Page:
Now we come to the film. It was directed/written by Willard Huyck and Gloria Katz, and produced by George Lucas. Good thing he made Star Wars beforehand or his career would’ve been over rather quickly. Originally, the film was going to be a direct adaptation of the comics and Howard would be animated. But somewhere along the line, they decided that because Howard was the only one of his kind in the world, they would make the film live-action and use animatronics and puppets created by Industrial Light & Magic. And you know what, Howard actually works as a live-action character, even if the film makes it its mission to point out via every character that he is a duck. They run the joke into the ground, though it is amusing seeing the various reactions to the character.

Howard is played onscreen by a number of dwarf actors, most notably Ed Gale with vocals later dubbed in by Chip Zien. In the film, Howard lives in an alternate world of intelligent ducks, but he is randomly zapped from his world to Earth where he meets Beverly (Lea Thompson) who is lead singer of a band called Cherry Bomb. Beverly initially takes him to her friend Phil Blumburtt (Tim Robbins), an eccentric neurotic scientist whose ambition to become famous causes Howard to leave and eventually get a job in a love hotel. Yeah, this film has a lot of adult humour in it despite feeling most of the time like a children’s movie.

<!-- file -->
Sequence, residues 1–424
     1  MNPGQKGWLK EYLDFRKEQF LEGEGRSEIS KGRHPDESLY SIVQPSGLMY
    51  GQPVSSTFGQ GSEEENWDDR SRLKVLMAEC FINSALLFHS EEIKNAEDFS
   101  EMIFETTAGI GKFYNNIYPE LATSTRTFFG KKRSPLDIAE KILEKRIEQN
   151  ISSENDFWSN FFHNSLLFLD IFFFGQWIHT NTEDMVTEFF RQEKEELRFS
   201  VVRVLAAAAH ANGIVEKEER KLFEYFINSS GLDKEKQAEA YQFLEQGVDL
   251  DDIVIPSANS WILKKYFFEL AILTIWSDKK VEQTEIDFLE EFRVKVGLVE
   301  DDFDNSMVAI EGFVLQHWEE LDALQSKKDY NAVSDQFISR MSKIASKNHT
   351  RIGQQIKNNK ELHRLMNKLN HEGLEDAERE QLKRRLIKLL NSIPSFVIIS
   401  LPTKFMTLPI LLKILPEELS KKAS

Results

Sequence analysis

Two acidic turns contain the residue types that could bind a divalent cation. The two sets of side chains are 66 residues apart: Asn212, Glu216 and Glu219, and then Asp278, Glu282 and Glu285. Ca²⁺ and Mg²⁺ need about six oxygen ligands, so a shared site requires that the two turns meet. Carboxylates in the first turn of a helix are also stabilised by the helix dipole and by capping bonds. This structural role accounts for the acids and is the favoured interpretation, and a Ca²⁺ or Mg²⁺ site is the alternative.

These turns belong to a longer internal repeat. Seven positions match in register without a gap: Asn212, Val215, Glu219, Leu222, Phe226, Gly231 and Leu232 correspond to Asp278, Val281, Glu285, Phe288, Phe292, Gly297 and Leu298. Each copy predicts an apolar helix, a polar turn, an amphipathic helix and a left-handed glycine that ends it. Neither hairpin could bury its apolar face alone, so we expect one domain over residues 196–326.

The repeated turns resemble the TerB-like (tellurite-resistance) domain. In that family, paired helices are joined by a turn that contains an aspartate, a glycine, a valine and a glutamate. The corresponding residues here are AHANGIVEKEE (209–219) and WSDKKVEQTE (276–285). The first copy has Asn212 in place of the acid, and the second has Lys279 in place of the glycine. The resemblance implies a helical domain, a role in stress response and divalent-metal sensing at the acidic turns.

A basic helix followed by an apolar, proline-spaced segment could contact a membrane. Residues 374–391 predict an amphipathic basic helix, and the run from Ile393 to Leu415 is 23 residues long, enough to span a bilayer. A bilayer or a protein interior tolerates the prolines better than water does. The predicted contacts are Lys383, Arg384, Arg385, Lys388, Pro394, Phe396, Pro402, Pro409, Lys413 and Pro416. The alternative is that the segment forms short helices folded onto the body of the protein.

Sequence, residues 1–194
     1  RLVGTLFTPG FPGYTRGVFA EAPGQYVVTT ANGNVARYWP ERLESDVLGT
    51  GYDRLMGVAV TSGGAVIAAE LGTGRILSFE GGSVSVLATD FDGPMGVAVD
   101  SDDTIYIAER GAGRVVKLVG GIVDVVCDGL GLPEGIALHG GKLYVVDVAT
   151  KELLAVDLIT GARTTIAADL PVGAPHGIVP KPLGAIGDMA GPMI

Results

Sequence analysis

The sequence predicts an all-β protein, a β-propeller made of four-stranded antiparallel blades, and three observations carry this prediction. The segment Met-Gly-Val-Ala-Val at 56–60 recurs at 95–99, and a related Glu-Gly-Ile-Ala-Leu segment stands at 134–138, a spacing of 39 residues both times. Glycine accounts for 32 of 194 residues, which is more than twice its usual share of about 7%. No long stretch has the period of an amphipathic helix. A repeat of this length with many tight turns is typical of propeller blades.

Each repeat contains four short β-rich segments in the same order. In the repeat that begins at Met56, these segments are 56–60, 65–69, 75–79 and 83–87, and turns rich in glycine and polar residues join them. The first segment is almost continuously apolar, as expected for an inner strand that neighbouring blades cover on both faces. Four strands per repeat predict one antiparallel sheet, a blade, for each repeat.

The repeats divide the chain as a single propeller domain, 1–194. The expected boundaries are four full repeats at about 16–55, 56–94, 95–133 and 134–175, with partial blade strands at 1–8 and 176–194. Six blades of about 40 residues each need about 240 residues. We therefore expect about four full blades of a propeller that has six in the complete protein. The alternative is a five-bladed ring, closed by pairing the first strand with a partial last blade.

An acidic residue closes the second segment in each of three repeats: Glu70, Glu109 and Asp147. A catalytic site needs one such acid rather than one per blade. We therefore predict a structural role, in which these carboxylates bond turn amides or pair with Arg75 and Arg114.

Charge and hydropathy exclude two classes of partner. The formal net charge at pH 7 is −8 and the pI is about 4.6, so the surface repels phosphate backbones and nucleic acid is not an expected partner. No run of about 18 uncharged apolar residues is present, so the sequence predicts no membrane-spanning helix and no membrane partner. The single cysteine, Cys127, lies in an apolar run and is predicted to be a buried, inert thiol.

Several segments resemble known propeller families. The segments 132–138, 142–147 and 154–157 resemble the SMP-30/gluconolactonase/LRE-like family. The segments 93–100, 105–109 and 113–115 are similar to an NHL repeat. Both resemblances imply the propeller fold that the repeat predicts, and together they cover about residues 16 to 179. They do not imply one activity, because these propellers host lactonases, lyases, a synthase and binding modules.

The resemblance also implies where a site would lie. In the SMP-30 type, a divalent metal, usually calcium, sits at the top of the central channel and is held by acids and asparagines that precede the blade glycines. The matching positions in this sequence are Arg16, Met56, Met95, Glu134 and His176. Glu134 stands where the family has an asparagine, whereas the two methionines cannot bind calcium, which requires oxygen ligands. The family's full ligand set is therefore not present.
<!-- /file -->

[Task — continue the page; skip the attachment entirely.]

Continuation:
We spend a good five minutes with Howard as he does his job in the love hotel, but the jokes don’t stop there. In the opening, he reads a “Playduck” magazine, a girlfriend sends him a phone message essentially inviting him to get jiggy, and when Howard is being sucked out of his house, he crashes through a bathroom where a female duck is naked, and she has… yikes! Beverly also finds a damn condom in Howard’s wallet. And, of course, there is the infamous near-bestiality scene where Lea Thompson looks like she is willing to get it on with a duck. Thankfully, that awkward scene is crashed by the arrival of Phil and Jeffrey Jones as Dr. Jenning, who explains to Howard he was summoned accidentally to Earth by an experimental interstellar laser.